To keep the work area free of noxious fumes and reduce atmosphere pollution, T.V.A. Wilson Dam uses a 36″ diameter Clean Air Group fume scrubber to handle 12,500 cfm of gas @ 150°F in their high-analysis super phosphate operations.
Manufacturing high analysis super phosphate fertilizer at the TVA Wilson Dam operation creates noxious fumes. Most of these fumes are liberated during the first several hours of curing in an enclosed den. The installation of a large jet type scrubbing device is responsible for keeping the working area free of these fumes and reducing atmosphere pollution.
This fume scrubber is very similar in operation to a steam jet ejector, with one major difference – the scrubber has a spinner in the nozzle holder. This spinner gives the motivating fluid a twist or centrifugal action, so that it leaves the nozzle in a hollow cone spray. As a result, a draft is created, which entrains the noxious gases and vapors in the moving stream and absorbs them while the gases are being scrubbed free of dust.
The fume scrubber is useful during removal as well as curing. The curing den is emptied with a backhoe which digs the fertilizer from the den and places it in discharge openings in the floor. From here it is carried away by a pan conveyor below. By pulling fresh air past the backhoe operator and taking the entrapped fumes away from him, the scrubber greatly improves working conditions.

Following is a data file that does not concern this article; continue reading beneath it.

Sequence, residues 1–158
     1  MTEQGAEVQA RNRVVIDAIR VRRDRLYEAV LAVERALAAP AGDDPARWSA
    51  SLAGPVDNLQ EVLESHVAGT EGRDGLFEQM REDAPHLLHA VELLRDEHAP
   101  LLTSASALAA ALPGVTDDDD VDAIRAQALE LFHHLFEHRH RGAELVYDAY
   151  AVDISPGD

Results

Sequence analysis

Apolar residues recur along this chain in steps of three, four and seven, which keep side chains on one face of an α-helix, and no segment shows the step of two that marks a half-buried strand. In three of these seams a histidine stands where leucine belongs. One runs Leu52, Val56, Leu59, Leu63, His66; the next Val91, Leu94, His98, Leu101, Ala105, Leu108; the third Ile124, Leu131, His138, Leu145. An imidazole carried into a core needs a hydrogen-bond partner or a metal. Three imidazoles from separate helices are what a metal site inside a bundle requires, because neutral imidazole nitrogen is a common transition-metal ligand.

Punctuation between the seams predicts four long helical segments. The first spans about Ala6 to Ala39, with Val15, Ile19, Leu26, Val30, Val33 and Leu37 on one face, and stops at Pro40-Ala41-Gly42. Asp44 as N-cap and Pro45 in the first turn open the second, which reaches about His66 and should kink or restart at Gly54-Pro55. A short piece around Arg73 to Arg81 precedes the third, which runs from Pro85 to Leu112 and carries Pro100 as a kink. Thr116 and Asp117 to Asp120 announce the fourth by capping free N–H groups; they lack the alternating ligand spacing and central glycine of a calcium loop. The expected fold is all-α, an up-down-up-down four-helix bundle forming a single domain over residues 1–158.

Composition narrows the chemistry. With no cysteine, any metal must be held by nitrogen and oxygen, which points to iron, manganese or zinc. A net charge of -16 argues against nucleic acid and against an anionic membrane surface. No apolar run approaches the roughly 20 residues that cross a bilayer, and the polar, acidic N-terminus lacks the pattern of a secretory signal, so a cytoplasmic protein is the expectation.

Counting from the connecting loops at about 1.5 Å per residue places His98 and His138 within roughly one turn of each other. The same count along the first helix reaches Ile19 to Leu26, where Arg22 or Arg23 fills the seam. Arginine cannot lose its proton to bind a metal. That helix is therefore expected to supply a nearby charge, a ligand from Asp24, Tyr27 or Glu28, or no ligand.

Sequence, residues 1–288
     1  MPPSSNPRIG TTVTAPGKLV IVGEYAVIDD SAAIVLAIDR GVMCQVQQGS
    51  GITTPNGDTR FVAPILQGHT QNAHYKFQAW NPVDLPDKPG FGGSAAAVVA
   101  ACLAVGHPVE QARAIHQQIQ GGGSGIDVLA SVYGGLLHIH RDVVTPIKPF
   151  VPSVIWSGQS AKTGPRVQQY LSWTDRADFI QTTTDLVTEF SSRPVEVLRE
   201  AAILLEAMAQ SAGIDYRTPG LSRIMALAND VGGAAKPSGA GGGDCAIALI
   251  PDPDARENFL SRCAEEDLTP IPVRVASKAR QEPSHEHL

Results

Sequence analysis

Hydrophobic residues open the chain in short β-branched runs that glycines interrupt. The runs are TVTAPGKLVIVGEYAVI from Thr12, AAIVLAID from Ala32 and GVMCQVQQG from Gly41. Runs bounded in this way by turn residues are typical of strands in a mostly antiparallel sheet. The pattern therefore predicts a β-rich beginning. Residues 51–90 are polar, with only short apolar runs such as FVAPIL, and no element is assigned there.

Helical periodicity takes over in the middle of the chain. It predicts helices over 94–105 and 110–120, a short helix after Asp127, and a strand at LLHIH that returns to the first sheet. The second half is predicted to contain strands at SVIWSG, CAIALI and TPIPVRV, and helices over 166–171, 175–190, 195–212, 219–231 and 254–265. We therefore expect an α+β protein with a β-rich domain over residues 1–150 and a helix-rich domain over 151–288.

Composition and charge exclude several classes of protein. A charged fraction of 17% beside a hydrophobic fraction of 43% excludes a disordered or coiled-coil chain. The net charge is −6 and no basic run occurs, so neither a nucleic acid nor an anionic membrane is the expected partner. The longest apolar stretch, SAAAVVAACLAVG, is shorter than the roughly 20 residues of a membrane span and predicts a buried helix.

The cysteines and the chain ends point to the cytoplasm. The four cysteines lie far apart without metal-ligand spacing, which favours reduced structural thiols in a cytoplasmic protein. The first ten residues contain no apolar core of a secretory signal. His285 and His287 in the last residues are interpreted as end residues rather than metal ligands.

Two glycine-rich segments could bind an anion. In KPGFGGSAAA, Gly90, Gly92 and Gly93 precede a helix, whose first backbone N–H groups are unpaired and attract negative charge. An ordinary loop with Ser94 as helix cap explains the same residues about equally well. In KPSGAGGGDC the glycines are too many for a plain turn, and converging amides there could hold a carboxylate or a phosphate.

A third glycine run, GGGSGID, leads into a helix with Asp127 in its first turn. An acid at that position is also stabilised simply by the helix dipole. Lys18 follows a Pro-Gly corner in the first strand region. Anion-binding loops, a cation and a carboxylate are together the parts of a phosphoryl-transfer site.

The scrubber is used to pull and scrub 12,500 cfm of gas at 150 F, and to develop a suction head of minus 1″ of water. The gases contain air, silicon tetrafluoride gas and entrained phosphate dust.
The scrubber has a 36″ diameter suction chamber. The draft which draws the gases into the suction chamber is created by a spray nozzle with a 5″ diameter bronze spiral covered with 3/16″ neoprene. The scrubber is located over a brick lined concrete sump.
Liquor is recycled from the sump to the scrubber by means of a centrifugal pump operating at approximately 60 psig. The nozzle flow is approximately 744 gpm of an aqueous solution of liquor at a maximum temperature of 135 F.
The 36″ diameter Clean Air Group fume scrubber stands just short of 16′ high and weighs more than 2,300 pounds. It was placed in operation in July 1960 and to date has provided excellent service without any down time.